10 MA257: INTRODUCTION TO NUMBER THEORY LECTURE NOTES Examples: Z is an ED with λ(n) = n : this is what Proposition states (though note that the definition of an ED does not require q and r to be unique). Any field F is an ED with λ(x) = 0 for all x 0; this is a degenerate example since we may always take r = 0 in division. If F is a field then the polynomial ring F [X] is an ED, using the degree function λ(f(x)) = deg(f(x)). The required division property is well-known, being just the usual long division for polynomials. It is important that F is a field here: for example, Z[X] is not Euclidean (exercise). The ring Z[i] of Gaussian Integers is defined as Z[i] = {a + bi a, b Z}; it is a subring of C. We will study this in some detail as it gives another example of a Euclidean Domain which is of interest in number theory, both for its own sake and also for proving some properties of the ordinary or rational integers Z. The Euclidean function λ on Z[i] is usually called the norm and denoted N: N(α) = αα = a 2 + b 2 for α = a + bi Z[i]. Theorem The ring Z[i] of Gaussian Integers is a Euclidean Domain. Lemma The norm function N on Z[i] has the following properties: (1) Multiplicativity: for all α, β Z[i], N(αβ) = N(α)N(β);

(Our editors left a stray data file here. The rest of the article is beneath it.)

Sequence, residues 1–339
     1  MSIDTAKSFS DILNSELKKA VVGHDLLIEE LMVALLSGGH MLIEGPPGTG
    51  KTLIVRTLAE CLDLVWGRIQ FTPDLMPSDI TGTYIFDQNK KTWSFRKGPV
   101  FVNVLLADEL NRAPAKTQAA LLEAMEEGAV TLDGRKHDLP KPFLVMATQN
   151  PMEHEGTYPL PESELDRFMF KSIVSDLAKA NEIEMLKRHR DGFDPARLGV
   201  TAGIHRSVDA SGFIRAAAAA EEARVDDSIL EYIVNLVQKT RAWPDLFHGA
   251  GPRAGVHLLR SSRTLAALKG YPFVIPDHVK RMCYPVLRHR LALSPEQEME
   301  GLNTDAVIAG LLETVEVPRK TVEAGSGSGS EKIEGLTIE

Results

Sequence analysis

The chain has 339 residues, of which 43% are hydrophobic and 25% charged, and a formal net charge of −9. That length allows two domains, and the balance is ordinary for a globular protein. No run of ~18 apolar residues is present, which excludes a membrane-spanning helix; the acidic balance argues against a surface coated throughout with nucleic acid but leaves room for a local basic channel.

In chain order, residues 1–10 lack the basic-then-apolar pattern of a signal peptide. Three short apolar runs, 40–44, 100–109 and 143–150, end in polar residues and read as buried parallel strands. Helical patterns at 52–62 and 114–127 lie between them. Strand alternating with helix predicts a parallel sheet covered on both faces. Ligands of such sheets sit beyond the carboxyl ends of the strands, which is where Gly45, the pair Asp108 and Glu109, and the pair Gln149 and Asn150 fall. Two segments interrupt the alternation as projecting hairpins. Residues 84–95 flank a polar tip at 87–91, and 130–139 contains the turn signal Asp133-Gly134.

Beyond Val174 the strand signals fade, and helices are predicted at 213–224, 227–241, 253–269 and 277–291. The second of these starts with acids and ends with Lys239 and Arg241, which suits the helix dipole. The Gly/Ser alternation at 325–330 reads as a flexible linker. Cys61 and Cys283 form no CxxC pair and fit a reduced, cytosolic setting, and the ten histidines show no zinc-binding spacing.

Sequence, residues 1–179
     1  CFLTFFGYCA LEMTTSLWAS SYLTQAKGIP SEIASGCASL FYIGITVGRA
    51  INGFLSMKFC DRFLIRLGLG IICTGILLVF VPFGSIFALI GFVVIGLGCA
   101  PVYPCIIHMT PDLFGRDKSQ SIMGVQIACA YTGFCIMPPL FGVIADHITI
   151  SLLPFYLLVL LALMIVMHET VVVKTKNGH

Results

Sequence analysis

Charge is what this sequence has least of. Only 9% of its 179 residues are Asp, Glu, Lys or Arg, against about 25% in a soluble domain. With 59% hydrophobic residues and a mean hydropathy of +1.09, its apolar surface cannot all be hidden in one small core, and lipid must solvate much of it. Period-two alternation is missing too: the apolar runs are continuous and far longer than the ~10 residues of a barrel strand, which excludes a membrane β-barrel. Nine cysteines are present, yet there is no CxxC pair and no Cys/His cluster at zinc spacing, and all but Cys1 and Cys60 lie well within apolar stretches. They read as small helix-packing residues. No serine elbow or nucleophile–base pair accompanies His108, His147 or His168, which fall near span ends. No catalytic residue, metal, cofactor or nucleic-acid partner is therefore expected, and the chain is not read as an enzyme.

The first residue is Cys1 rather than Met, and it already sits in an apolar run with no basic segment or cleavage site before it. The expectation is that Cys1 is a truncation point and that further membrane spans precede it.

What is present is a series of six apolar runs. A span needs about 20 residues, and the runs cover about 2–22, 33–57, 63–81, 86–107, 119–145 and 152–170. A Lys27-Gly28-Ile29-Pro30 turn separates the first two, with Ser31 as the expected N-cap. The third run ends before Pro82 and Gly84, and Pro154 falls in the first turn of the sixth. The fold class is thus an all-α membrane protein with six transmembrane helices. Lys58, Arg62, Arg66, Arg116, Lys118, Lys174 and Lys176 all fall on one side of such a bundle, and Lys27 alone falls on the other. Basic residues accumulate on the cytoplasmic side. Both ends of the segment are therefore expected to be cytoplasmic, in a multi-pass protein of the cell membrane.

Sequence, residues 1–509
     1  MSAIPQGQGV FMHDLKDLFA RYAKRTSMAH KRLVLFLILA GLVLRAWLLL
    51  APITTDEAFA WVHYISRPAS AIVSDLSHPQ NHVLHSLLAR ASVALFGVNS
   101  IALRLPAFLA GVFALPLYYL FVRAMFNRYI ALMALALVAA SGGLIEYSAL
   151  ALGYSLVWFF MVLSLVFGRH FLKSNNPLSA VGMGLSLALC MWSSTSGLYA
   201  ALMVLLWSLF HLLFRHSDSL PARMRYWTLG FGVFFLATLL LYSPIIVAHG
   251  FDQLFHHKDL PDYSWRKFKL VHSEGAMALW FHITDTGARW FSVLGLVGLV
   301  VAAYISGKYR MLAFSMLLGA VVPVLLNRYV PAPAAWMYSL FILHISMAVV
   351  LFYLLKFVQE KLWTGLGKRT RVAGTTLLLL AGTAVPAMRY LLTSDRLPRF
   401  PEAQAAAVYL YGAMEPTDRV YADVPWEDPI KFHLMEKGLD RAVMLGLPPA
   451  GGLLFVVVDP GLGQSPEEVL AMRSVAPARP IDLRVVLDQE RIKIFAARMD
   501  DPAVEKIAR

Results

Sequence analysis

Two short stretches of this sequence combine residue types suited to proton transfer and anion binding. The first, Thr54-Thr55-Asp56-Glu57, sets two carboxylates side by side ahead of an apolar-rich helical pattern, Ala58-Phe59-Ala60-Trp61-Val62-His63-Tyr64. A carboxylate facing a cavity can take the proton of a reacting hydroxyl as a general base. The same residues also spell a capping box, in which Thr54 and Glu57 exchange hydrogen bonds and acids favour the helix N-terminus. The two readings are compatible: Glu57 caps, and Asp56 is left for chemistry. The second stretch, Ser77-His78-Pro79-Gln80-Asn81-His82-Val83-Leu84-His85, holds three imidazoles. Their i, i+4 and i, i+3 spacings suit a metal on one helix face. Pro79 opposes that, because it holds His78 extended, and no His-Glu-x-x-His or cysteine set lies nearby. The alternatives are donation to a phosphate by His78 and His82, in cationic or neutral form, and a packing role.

11 18 J. E. CREMONA (2) Positivity: N(0) = 0, N(α) 1 for α 0; (3) Units: N(α) = 1 α U(Z[i]) = {±1, ±i}. Recall that for a ring R, the group of units (invertible elements) is denoted U(R). Elements of an integral domain are called associate if one is a unit times the other, or (equivalently) if each divides the other. Example: Take α = 3 + 4i and β = i. Then i ( i)(3 4i) 74 7i 1 7i = = = 3 +, 3 + 4i so the quotient is 3 and remainder ( i) 3(3 + 4i) = 1 i. Check: N(1 i) = 2 is less than N(3 + 4i) = 25. Just as we did for Z, we can now prove that every ED is a PID: Theorem Let R be a Euclidean Domain. Then R is a Principal Ideal Domain. In a PID we have gcds just as in Z, and Bezout s identity. In general we do not have uniqueness of gcds, only uniqueness up to associates (multiplication by a unit). (In Z we avoided this nonuniqueness by insisting that all gcds were non-negative.) Definition In a ring R, a gcd of two elements a and b is an element d satisfying (i) d a and d b; (ii) if c a and c b then c d. Lemma If gcd(a, b) exists then it is unique up to associates.